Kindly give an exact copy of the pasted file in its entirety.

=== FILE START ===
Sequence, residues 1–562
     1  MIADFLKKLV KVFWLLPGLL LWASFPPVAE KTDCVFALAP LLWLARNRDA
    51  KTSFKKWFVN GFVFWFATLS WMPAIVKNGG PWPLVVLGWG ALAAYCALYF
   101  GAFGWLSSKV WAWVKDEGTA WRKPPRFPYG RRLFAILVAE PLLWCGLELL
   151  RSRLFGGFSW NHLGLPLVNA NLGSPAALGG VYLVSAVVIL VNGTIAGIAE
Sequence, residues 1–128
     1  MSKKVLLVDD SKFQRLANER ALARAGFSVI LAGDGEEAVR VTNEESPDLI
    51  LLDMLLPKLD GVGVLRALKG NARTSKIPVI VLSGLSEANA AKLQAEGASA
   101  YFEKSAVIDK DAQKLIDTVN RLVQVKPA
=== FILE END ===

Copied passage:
Sequence, residues 1–562
     1  MIADFLKKLV KVFWLLPGLL LWASFPPVAE KTDCVFALAP LLWLARNRDA
    51  KTSFKKWFVN GFVFWFATLS WMPAIVKNGG PWPLVVLGWG ALAAYCALYF
   101  GAFGWLSSKV WAWVKDEGTA WRKPPRFPYG RRLFAILVAE PLLWCGLELL
   151  RSRLFGGFSW NHLGLPLVNA NLGSPAALGG VYLVSAVVIL VNGTIAGIAE
Sequence, residues 1–128
     1  MSKKVLLVDD SKFQRLANER ALARAGFSVI LAGDGEEAVR VTNEESPDLI
    51  LLDMLLPKLD GVGVLRALKG NARTSKIPVI VLSGLSEANA AKLQAEGASA
   101  YFEKSAVIDK DAQKLIDTVN RLVQVKPA